Kamloops blogger reaching out to female tradespeople with stories to share - InfoNews

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Kamloops blogger reaching out to female tradespeople with stories to share

Shannon Ainslie is looking to start a blog series on women in the trades industry in Kamloops. The mother says she will be speaking with women across the city to share their experiences as tradespeople working alongside men.
Image Credit: FACEBOOK/ Shannon Ainslie
May 24, 2018 - 4:00 PM

KAMLOOPS - A local blogger wants to open up a discussion about women working in the trades industry in the area.

Shannon Ainslie has worked in a male-dominated field since she was 16. She says her new blog series which is still in the early stages, will be a public platform where women of all ages, races, and backgrounds can share their insight on the good and bad things they have faced working as tradespeople. Some of the topics she would like to focus on include motherhood, childcare, wages, harassment in the workplace, menstruation and muscle mass.

Ainslie, currently one of two females working at a local fencing company in Kamloops, wants to let real stories from women take the lead and find out if trades industries are forcing women into certain roles or allowing changes to come naturally.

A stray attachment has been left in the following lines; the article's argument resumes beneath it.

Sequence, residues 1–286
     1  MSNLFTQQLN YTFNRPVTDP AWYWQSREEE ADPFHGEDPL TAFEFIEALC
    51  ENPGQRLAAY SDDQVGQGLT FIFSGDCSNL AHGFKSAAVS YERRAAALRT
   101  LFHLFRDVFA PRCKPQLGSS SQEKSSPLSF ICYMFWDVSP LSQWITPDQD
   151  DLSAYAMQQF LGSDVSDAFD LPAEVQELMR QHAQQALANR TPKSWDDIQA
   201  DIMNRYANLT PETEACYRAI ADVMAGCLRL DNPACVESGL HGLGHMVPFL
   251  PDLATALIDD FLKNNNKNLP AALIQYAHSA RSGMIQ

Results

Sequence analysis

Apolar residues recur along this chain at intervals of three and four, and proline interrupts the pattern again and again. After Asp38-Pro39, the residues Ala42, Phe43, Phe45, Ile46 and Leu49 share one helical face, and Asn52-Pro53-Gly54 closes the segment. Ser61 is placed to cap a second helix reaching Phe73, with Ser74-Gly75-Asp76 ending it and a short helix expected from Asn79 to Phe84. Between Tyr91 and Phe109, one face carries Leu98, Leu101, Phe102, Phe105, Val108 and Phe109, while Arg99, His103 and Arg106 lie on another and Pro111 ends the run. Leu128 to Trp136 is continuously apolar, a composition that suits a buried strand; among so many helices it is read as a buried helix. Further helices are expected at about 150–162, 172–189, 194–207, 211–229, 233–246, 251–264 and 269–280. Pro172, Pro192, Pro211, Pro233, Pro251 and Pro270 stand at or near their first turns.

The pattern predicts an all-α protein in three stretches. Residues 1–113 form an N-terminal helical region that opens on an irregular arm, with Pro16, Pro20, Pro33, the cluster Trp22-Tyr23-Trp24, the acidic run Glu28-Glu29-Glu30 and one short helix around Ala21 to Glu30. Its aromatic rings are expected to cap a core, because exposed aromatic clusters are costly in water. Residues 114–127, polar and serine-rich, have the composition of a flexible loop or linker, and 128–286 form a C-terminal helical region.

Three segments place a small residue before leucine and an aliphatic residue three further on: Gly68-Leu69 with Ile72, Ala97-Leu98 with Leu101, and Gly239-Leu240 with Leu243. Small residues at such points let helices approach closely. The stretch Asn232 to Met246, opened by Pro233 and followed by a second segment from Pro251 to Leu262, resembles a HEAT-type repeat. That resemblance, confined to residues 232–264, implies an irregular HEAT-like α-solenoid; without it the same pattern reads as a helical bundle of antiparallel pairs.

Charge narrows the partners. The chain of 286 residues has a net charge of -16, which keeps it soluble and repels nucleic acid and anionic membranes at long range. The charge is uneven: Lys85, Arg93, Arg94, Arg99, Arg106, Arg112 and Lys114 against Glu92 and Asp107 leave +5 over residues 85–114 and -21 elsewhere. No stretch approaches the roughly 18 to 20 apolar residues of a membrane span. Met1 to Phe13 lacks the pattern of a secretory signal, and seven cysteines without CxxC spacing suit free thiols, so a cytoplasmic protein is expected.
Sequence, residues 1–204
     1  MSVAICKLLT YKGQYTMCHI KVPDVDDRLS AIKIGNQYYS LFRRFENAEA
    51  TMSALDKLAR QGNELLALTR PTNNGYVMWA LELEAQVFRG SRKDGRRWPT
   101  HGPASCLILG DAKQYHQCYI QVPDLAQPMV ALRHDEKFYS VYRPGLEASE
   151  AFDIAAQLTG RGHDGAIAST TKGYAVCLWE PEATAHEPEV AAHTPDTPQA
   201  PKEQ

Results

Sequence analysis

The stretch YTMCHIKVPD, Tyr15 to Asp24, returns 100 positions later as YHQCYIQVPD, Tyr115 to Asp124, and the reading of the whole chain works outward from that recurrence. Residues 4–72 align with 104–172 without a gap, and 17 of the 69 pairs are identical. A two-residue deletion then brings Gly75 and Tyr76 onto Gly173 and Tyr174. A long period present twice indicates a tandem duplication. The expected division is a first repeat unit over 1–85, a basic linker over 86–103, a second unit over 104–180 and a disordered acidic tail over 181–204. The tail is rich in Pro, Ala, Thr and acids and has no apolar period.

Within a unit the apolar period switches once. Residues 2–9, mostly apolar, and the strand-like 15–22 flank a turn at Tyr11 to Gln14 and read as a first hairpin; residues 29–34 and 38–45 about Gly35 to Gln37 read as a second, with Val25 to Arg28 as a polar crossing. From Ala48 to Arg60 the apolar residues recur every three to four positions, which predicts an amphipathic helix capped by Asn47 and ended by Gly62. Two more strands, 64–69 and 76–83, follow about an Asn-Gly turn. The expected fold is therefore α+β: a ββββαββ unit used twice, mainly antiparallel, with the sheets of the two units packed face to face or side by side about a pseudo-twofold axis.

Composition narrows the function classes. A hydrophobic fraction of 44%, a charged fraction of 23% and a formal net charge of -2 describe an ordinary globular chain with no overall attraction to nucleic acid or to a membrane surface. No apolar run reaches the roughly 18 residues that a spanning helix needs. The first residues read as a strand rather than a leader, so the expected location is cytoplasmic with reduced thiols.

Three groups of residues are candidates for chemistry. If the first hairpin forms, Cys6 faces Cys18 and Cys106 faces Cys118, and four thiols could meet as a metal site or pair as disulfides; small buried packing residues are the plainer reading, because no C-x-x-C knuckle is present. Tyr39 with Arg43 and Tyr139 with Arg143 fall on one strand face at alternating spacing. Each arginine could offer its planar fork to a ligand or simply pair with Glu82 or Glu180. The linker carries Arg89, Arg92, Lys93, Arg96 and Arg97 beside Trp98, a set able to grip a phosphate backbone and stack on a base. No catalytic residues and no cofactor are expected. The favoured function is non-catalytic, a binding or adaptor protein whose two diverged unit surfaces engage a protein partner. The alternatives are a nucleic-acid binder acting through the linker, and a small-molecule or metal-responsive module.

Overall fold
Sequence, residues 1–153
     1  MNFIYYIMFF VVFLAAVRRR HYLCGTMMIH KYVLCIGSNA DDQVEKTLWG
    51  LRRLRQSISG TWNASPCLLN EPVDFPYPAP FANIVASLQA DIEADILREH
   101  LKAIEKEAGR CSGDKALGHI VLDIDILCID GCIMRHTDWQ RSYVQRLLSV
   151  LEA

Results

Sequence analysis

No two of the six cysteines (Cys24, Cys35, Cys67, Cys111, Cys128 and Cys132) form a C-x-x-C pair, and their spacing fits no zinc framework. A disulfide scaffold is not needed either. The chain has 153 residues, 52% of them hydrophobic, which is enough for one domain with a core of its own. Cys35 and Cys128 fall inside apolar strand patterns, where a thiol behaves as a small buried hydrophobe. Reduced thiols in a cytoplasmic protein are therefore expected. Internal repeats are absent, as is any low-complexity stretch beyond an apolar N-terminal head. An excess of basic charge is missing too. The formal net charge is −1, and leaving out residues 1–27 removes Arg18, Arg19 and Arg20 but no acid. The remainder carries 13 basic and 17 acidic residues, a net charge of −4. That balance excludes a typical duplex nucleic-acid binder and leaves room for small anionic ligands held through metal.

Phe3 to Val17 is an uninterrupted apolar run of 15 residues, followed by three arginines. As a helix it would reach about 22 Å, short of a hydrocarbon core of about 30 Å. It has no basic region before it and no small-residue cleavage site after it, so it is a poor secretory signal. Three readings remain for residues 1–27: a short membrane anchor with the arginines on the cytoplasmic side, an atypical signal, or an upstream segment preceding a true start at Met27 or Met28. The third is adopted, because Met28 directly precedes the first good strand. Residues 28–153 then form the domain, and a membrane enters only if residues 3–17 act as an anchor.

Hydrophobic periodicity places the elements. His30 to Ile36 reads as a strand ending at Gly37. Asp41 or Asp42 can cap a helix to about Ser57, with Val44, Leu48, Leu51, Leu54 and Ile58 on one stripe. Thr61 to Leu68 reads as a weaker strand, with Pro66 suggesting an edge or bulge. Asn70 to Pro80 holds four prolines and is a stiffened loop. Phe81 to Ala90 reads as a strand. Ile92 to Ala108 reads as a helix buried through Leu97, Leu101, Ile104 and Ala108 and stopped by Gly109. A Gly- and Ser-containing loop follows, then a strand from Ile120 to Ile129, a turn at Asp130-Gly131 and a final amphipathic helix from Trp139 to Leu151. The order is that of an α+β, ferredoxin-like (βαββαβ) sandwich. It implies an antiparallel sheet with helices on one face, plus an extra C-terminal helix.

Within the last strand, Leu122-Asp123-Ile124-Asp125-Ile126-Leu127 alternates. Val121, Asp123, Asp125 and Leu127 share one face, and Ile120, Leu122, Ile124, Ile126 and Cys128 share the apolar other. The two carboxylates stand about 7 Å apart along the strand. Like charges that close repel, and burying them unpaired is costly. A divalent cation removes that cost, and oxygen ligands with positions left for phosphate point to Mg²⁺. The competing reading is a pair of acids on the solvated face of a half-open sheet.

“I want to look to see if we are moving forward or if we are trying to push squares into round circles,” Ainslie says. “I want to have a place where people can share their ideas and talk about unsolved conflicts.”

Ainslie says she will also share stories she’s experienced firsthand. She says for a lot of women, becoming a mother means having to face judgment from potential employers.

“I’ve had recruiters tell me when I’ve been looking for jobs, ‘don’t tell them you have a kid, they’re going to think you’ll need lots of time off work to care for them,’” Ainslie says. “I think (employers) believe women are going to lose more time at work because they’re moms, and that shouldn’t be something we should be ashamed of or doesn’t allow you to get a job."

She’s looking for six different women to give perspectives.

“I think it’s really important to get perspectives from across the spectrum and have that diverse range,” she says, adding that she has been using her social media to recruit women across the city for input.

Ainslie says she also plans to reach out to the Thompson Rivers University’s trades program and Tk’emlups te Secwepemc First Nations. She is still in the idea stage of what type of platform to use but is leaning more towards a written blog and social media.

“I just want to air out a lot of issues women face and hopefully we will be able to make some improvements.”


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